I told my roommate she should be Sarah Palin for Halloween. All I had thought about were the black glasses my roommate has that are similar to Palin’s; I guess I was thinking about their similar face structures too. But the rest of the women in our house vetoed my idea. “She’d be shunned,” they said.I hadn’t even thought about the ramifications of impersonating Palin for Halloween, but it’s true—if I saw Palin walking down the street with a bag of candy on her arm, my first instinct would be to throw a cup of tea in her face.
Palin upsets me because she is trying to solve crucial problems by focusing on who holds political offices. Changing the colors of office from blue to red is not solving problems—it’s avoiding them. Spending billions of dollars on campaigning for offices does not help the economy or our education system.
In our polarized age, if anything has a hint of the opposing party’s color in it, we purge it from the system. This polarization scares me—we aren’t thinking as individuals, but as collective zombies. Halloween is once a year, not every day.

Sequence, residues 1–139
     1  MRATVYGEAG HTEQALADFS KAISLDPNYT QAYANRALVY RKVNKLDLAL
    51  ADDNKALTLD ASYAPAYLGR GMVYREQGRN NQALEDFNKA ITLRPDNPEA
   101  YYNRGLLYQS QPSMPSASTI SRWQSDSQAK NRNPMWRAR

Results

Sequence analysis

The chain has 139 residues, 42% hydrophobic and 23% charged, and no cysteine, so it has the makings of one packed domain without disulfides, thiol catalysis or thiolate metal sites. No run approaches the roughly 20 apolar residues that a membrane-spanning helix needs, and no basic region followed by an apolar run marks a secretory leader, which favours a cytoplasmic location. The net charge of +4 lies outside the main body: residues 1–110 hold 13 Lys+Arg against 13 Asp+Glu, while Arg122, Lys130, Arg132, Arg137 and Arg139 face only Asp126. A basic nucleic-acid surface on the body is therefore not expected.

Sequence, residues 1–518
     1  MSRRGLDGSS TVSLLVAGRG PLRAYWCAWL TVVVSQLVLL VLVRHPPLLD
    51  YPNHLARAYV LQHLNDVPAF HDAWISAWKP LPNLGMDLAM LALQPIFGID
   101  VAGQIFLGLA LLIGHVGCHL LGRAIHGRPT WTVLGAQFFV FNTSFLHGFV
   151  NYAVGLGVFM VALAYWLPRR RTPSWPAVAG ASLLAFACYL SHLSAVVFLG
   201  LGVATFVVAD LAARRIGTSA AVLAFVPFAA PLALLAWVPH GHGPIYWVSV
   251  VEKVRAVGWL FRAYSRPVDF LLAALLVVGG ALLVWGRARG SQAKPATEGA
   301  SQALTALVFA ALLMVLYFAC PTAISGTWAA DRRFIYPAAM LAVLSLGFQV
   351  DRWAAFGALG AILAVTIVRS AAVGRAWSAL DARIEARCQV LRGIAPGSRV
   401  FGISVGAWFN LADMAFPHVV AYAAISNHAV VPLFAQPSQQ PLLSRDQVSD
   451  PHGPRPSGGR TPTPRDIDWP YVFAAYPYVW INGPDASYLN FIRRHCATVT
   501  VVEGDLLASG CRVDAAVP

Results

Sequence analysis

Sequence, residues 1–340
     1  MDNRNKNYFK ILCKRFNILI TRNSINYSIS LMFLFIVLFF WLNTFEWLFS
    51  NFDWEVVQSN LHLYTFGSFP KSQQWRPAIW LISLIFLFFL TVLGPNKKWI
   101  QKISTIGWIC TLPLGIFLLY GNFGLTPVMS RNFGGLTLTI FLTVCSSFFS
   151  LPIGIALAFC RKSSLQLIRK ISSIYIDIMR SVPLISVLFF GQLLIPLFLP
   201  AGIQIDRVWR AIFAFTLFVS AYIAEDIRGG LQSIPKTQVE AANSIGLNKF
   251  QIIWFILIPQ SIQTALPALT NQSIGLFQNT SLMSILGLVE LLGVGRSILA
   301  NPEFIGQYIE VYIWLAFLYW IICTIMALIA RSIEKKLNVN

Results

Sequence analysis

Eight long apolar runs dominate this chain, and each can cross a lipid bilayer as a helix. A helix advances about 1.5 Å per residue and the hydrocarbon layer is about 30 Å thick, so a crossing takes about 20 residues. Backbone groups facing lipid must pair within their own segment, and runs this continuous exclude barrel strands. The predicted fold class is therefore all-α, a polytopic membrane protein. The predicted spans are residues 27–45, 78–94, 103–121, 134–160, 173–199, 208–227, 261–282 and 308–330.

This week, NPR fired analyst Juan Williams because he made an inappropriate comment about Muslims. AS NPR CEO Vivian Schiller stated, it is up to good journalism to be objective, and Williams had failed to do this.
Following this action, Fox news hired Williams for $2 million dollars and accused NPR of limiting freedom of speech. Palin and others have now targeted NPR, claiming it to be “liberal programming,” and claiming taxpayers should not need to pay for something they don’t agree with.
Ridding the country of public broadcasting is not going to lower taxes or solve internal problems.
Naming our shortcomings and taking ownership of our problems is a start—we can’t blame other countries, immigrants, broadcasting and the environment anymore.